Plenty to Like, Plenty to Dislike
Excellent but underrated film
Each character in this movie — down to the smallest one — is an individual rather than a type, prone to spontaneous changes of mood and sometimes amusing outbursts of pettiness or ill humor.
Through painfully honest and emotional moments, the movie becomes irresistibly relatable
The original TV show consists of 11 hour long episodes of some of the most stunning nature cinematography and harrowing real life-and-death struggles. One should definitely get the British version with David Attenborough narrating to get that old nature documentary feel. The scope is global and the visuals are cinematic. It is a thing of utter beauty. There are 3 additional episodes called Planet Earth: The Future and it's best to avoid those. It's a lot of talking heads saying the same thing from slightly different angles. I understand the motive to push for nature conservation but pushing too hard comes off as being preachy. There is greater power to show the beauty of nature. One can always insert the ugliness of human destruction without having talking heads drone on about it. The original 11 episodes are as close to perfection as TV nature documentaries can get.
This series is probably one of the best series I have ever watched. This fascinating documentary drags me in every time I watch it. David Attenborough's way of explaining of how creatures breed, eat etc is like no other before, he's the best wildlife narrator that will ever live. They spent five years on this wildlife, and I think that it was definitely worth it. It is the most expensive nature documentary series ever commissioned by the BBC, and it was the first ever in high definition. So really, it set the bar for high picture quality. The BBC did it perfectly in the way of organising it for the episodes, it just flowed perfectly. There won't be another nature documentary like this one.So if you don't watch it, you're missing out massively.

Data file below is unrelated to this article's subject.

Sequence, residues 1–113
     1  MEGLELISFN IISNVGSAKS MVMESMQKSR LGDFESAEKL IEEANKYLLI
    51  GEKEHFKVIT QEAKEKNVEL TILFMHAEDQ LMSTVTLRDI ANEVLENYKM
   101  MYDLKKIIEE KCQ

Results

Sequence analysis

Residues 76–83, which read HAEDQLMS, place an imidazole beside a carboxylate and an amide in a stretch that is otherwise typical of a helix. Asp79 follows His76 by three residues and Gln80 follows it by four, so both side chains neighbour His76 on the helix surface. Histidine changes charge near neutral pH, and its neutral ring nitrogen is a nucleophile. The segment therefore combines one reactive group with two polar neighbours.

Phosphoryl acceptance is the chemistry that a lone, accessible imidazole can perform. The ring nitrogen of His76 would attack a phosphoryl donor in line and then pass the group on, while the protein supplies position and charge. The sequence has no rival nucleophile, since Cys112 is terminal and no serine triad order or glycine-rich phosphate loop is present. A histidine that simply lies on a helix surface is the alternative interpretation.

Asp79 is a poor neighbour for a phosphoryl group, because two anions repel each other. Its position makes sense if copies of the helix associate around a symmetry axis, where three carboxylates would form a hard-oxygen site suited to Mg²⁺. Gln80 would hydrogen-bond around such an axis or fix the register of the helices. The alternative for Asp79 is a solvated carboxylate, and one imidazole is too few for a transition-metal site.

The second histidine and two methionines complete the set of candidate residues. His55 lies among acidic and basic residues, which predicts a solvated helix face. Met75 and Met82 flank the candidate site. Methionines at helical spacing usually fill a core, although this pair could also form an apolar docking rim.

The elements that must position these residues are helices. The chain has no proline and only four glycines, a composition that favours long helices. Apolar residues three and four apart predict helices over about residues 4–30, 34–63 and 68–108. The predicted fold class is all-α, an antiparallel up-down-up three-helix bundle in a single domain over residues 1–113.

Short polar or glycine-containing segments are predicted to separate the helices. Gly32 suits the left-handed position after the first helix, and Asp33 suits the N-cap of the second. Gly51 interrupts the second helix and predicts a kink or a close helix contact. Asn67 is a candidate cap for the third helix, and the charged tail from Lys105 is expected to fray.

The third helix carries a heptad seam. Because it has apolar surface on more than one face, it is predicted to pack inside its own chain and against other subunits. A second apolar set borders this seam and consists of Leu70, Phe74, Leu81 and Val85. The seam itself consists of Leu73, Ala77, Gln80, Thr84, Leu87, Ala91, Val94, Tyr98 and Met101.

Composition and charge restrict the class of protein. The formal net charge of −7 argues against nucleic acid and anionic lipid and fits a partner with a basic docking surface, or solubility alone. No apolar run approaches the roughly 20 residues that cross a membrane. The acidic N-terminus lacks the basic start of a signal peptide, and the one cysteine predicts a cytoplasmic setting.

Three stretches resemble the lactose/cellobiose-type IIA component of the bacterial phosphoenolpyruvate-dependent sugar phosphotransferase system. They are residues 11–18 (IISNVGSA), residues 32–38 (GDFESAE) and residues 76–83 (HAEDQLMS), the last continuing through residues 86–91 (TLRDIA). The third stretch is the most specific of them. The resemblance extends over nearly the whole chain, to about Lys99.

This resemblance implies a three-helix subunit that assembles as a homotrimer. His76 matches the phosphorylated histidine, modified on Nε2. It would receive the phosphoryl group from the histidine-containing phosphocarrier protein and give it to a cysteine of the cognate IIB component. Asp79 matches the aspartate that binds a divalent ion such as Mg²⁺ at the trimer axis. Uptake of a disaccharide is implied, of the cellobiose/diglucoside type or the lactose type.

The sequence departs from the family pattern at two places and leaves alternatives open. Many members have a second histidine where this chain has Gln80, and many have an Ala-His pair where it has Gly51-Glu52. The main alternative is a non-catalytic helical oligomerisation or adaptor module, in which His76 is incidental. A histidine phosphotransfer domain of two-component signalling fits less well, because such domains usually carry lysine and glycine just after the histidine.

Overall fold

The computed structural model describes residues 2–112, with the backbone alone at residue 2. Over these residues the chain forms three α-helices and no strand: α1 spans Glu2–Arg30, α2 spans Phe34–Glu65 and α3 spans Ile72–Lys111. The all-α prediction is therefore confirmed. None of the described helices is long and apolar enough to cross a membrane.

This is a feedback on the blu-ray version of Planet Earth: In an age when 'free downloads' are preferred mode for owning movies and documentaries, I shelled out three times more money to buy a blu-ray version of the DVD version I possess just to appreciate the hard work undertaken, to contribute one's mite to fund such beautiful projects and to have an even more spectacular view of the documentary. But 'Planet Earth Diaries' (12 such episodes) part of the 'complete series' in the DVD version has been culled out in the blu-ray version. Although the blu-ray experience is breathtaking, I feel shortchanged by this culled version of Planet Earth. One of the reasons why I bought the blu-ray version was to watch the 'diary' on the snow leopard. It would be an understatement to say I am thoroughly disappointed that this is not there in the blu-ray version. The blu-ray should ideally have the warning, 'the incomplete version'
A magnificent documentary about Earth,its landscapes and large biodiversity of this very planet which is gonna make you think how little we all know about this planet. The documentary is enriched with flawless narration, extraordinary photography, and breath taking descriptions of some strangest places of our planet( i found 'caves' the most interesting). You can clearly understand 'struggle for existence' has never stopped,now a days the struggle is more intense because there are so many threats(global worming, deforestation etc). Food chain is an important thing in ecosystem. There are various food chains present in different parts of earth. It depends upon various factors like sunlight,food etc. In the 'Planet Earth' almost all possible food chains are described with equal and proper information. In 11 episodes they detailed almost every part of the Earth from North pole to South pole. Watch it and feel the heartbeats of Earth. This documentary is worthy of its punch line 'AS YOU'VE NEVER SEEN IT BEFORE'.